News24 Wire
Wire Service
2 minute read
13 Nov 2019
3:25 pm

Faf back in his undies to challenge men in cancer drive

News24 Wire

'Be ballsy enough to check your crown jewels in the #FafChallenge.'

Faf De Klerk during the Rugby World Cup 2019 Champions Tour on November 09, 2019 in East London, South Africa. (Photo by Michael Sheehan/Gallo Images)

Springbok star Faf de Klerk has pulled the national underpants out again to kick off the “#FafChallenge” – to get men to check their “crown jewels” for signs of testicular cancer.

“Don’t Faf this up,” urges the campaign which already has De Klerk, captain Siya Kolisi and six other rugby players – Makazole Mapimpi, Cheslin Kolbe, Damien de Allende, Malcolm Marx, and Jesse Kriel on board.

“Be ballsy enough to check your crown jewels in the #FafChallenge,” says the tagline, referring to the infamous picture of De Klerk in his flag-coloured underpants with the Duke of Sussex in the locker room after the Springboks’ victory in the Rugby World Cup in Japan.

The Cancer Association of SA (Cansa) has also produced various “testi-monials” in 2016, explaining the importance of not only regular checks, but for the conversation to become more regular among men.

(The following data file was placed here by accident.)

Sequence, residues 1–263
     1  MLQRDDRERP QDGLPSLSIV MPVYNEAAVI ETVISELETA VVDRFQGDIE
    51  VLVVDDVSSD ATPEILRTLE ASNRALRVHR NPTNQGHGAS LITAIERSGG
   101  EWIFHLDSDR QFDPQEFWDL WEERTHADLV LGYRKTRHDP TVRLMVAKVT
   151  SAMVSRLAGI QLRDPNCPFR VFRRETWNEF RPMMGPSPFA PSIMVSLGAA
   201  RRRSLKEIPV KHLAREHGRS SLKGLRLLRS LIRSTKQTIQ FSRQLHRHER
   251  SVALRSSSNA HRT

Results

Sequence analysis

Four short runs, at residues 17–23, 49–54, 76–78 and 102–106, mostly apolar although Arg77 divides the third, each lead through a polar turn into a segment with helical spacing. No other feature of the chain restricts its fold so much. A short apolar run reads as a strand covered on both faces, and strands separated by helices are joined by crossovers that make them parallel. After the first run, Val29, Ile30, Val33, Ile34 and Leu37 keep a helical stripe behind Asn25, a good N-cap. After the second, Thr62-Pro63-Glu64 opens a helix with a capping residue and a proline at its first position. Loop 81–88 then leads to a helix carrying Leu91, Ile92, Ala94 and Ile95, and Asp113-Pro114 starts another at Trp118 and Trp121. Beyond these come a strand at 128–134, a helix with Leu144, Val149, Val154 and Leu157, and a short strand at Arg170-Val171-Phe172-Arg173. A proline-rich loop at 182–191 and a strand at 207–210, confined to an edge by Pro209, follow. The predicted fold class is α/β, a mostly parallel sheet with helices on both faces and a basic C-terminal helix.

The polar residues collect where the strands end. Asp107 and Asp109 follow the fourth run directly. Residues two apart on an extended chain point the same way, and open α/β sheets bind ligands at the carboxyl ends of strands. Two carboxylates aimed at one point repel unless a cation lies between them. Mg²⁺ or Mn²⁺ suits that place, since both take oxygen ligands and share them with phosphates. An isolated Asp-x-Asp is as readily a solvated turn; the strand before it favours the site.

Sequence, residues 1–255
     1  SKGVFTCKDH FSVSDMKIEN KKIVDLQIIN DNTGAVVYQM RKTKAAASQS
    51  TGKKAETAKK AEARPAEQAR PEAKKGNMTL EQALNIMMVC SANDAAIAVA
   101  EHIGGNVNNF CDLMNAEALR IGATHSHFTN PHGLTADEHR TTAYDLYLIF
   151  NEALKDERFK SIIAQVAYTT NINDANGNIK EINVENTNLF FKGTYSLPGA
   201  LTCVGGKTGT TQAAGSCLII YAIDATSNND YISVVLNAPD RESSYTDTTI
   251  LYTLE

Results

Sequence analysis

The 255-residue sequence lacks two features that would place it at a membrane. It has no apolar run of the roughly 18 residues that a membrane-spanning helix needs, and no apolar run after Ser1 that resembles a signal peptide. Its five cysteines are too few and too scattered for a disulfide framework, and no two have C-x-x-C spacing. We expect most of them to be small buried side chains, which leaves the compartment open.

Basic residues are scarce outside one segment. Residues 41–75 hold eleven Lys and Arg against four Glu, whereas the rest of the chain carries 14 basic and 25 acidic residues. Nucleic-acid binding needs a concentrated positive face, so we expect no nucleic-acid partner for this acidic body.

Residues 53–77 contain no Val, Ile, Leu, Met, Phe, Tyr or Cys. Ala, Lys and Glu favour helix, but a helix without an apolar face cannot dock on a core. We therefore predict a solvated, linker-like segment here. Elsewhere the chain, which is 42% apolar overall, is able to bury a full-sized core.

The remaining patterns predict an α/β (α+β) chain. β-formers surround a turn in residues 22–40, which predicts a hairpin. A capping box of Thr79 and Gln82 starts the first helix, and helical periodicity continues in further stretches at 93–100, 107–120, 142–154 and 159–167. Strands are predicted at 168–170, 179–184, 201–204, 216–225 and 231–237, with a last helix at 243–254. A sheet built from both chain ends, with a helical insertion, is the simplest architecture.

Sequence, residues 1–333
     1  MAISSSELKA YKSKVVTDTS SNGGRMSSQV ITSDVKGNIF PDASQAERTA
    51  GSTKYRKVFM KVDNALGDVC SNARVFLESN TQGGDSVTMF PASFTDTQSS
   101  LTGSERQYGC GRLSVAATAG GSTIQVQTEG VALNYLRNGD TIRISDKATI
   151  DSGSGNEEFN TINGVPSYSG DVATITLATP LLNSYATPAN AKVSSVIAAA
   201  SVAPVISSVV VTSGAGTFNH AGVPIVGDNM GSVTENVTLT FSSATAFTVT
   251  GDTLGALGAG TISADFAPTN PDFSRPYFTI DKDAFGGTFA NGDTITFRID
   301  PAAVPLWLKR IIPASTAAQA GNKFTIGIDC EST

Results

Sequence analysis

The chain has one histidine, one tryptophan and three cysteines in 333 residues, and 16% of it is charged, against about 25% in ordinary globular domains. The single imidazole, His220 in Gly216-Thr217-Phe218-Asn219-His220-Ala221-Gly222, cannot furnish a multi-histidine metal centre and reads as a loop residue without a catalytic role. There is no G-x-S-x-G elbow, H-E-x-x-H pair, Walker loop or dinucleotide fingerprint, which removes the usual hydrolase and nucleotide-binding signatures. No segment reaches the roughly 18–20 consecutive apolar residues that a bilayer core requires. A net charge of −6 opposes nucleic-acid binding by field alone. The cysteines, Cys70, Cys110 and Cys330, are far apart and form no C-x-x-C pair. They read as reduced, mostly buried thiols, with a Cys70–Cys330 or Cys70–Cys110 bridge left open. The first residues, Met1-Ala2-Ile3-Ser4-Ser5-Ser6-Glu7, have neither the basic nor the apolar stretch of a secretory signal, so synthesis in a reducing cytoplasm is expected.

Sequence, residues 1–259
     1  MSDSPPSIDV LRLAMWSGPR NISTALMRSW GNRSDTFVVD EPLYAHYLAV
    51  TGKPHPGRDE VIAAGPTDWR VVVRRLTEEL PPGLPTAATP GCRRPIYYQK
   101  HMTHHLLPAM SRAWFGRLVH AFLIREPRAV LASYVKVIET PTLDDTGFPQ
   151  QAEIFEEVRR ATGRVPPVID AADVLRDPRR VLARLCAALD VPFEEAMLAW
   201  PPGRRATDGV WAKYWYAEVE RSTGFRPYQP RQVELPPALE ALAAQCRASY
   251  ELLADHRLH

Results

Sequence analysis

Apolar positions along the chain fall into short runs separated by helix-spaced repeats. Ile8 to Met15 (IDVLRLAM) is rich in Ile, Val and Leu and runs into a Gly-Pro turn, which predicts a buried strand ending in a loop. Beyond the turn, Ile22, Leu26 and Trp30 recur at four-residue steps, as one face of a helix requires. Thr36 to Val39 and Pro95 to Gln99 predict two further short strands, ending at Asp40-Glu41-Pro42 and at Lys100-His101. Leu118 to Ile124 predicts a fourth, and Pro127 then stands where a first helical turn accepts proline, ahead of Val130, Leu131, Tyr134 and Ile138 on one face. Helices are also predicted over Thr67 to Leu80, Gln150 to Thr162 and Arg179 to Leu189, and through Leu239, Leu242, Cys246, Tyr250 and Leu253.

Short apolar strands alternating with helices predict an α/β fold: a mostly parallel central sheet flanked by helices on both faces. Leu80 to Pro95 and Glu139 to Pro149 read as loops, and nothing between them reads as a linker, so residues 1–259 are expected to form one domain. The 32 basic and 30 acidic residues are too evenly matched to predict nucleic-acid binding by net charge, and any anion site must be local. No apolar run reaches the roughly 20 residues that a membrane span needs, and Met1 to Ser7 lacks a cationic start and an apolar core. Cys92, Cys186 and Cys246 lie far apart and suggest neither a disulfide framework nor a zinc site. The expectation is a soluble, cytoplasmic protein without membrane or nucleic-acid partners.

Staying with the rugby theme, it explains how to do the check in “Touch Down”, and “Blitz defence” advises going to doctor if any lumps or bumps are found. There is also a microsite with frequently answered questions on the topic.

Fidelia van der Linde, communications manager for pharmaceutical company Cipla, which has a relationship with the seven Springboks involved in the campaign, told News24 that they were hoping for the same “talkability” about these important self-checks that woman had established about regular breast checks.

The first step for men is to do their #FafChallenge, post about it in a swimming costume or holding tennis balls, or simply say you have done it, and tag a friend to do it.

The site also has deeper information on testicular cancer, and what to look for.

Comedy Central has also launched #Novemballs, urging men to take care of their testicles.

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